Xanthan-Free Zone

Real food, incidentally gluten-free.

Archive for Stew

Pineapple Peanut & Kale Stew

This is my favourite kind of recipe, one that sounds so weird it must be gross, but is actually delicious. When my brother saw the giant purple kale I bought at the markets, he insisted I cook this recipe, which gave me an excuse to borrow his Moosewood Restaurant Cooks at Home book, from which this recipe is derived, and which is awesome. This recipe uses tinned pineapple but, no offense to Golden Circle, I think it’s sad to use tinned pineapple in Queensland. (The book also contains a recipe for how to cut up a mango. So sad!).

Ingredients:
1 onion, chopped (I prefer red)
2 garlic cloves, chopped up
1 bunch of kale
2 cups diced fresh pineapple
1/2 cup peanut butter
couple of chilis or tbsp tabasco sauce
1/2 cup chopped fresh coriander
salt to taste

Crushed peanuts and spring onions as a garnish.

Saute onion, garlic and chilis (if using) in oil until lightly browned. Remove stems from kale and cut up finely or shred. Add pineapple to onions, then add kale and cook until tender. If it seems to dry out, just add some water (but you know that already, don’t you). Kale can be pretty tough and need a good blasting, so it’s good to taste it and check. Add peanut butter and tabasco (if using), and coriander. Salt to taste. Serve with rice and garnishes and enjoy!

Vegetarian Chilli with Secret Ingredients

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I have a general preference for not telling people what I’m making for dinner, and not telling them what all the ingredients are before they’ve eaten it and told me it was delicious. Then I feel clever when I explain that cocoa, millet and buckwheat groats are what makes it so good.

This recipe satisfies my penchant for Americana food. It’s adapted from “Pierce St Vegetarian Chili” from Heidi Swanson’s blog 101 Cookbooks, but of course my version is gluten-free, and has some other variations which are mostly the result of the ingredients I had on hand.

This recipe makes great leftovers. It’s carby enough to be eaten on it’s own, but not so carby that you can’t eat it wrapped up in some corn tortillas baked with cheese on top. Yum.

There’s so many elements to this recipe it’s hard for me to say what’s essential to its success. There’s certainly lots of room for experimentation, but I would suggest using only grains and pulses that are likely to hold their shape. If you’re concerned they might go mushy, you can toast them or lightly fry in oil before you add them to the pot and this is supposed to keep them whole.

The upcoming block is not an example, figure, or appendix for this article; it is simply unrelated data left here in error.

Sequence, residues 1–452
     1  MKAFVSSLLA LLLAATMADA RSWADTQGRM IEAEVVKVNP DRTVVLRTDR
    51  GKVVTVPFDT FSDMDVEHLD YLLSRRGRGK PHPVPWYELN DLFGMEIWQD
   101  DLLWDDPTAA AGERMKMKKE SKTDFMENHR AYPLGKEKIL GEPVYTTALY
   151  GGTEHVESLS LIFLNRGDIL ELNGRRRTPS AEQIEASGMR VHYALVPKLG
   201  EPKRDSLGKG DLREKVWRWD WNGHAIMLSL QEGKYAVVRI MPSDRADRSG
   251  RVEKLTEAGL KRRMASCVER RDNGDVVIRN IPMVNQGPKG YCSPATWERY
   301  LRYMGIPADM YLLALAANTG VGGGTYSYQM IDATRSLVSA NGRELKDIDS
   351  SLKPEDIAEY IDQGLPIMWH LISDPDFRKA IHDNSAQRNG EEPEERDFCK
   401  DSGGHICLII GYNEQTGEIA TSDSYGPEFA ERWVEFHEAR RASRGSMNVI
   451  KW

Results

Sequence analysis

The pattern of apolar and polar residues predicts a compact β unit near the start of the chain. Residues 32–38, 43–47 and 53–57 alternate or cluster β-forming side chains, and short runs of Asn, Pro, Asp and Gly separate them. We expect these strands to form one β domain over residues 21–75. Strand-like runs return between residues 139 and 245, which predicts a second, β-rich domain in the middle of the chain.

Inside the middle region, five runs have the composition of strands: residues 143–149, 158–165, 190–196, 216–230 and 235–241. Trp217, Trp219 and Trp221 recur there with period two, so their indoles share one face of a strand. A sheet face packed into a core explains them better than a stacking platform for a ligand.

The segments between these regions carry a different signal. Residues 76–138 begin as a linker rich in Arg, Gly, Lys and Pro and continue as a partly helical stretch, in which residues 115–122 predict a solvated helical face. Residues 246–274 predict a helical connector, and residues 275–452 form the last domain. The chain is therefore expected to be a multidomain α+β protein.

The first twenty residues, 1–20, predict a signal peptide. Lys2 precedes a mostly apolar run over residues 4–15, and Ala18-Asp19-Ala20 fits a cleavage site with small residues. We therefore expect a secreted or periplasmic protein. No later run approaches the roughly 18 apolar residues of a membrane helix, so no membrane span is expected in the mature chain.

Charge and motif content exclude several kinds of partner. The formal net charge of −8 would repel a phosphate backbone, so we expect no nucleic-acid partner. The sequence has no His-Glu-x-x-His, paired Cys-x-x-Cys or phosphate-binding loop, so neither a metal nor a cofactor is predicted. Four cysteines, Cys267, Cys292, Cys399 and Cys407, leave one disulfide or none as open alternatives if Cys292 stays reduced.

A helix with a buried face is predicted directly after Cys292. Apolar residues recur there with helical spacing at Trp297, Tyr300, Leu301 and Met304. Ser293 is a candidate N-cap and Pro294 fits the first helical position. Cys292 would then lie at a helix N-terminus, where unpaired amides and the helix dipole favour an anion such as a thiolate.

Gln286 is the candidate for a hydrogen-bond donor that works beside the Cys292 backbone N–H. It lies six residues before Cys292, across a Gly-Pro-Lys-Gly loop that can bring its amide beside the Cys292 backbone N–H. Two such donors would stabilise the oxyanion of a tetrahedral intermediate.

Serves at least six.

Ingredients:
2 tbsp olive or vegetable oil
1 onion, finely slicesd
5 cloves garlic, sliced
1 tbsp grated ginger
3 dried chillies, finely chopped, with seeds
2 tsp paprika
1 tsp cocoa
1 tsp ground up cumin seeds
2/3 cup puy lentils
1/3 cup yellow split peas
1/4 cup brown rice
1/4 cup polenta (not instant)
1/4 cup buckwheat groats
1/4 cup millet
400g tin chopped tomatoes
2 nice ripe tomatoes
dessert spoon molasses 
stock or water
1 1/2 cups cooked pinto beans (or 1 tin)
salt, to taste (quite a lot)

To serve:
Any of sour cream, yoghurt, feta, labna, olive oil or other fancy oil, chopped coriander, squeeze of lime or lemon juice

Fry onions, garlic and ginger in oil in a stockpot – at least 10 minutes. You can put this on and then get all the other ingredients out of the cupboard (assuming you’re not going to be arranging a tableau for a photo). Add chilli, paprika, cocoa and cumin, and stir. You can then add the lentils and grains, or you can pre-fry them in a little oil, or in a dry pan, just for a couple of minutes beforehand. Once you’ve fully combined the lentils and grains with the onions and spices, add the tinned and fresh tomatoes, the molasses and stock or water to cover.

That’s pretty much it. Now you just cook it on a low-medium heat, essentially indefinitely, but at least for 40 minutes. Stir occasionally and add extra water if it’s getting too thick. Ten or 20 minutes before you’re ready to serve it, add the beans and begin checking for salt. Pulses and grains always require a lot of salt, so it can take quite a while to get the salt right and it’s pretty important. Pulses without enough salt = super bland. If you’ve used tinned beans or bought stock, it will probably already have salt, but you’ll still need to add more. This is also the time to raise the heat and boil off some water if you’ve added too much. It’s supposed to be wet, but not a soup.

Add whatever optional extras you have, and enjoy!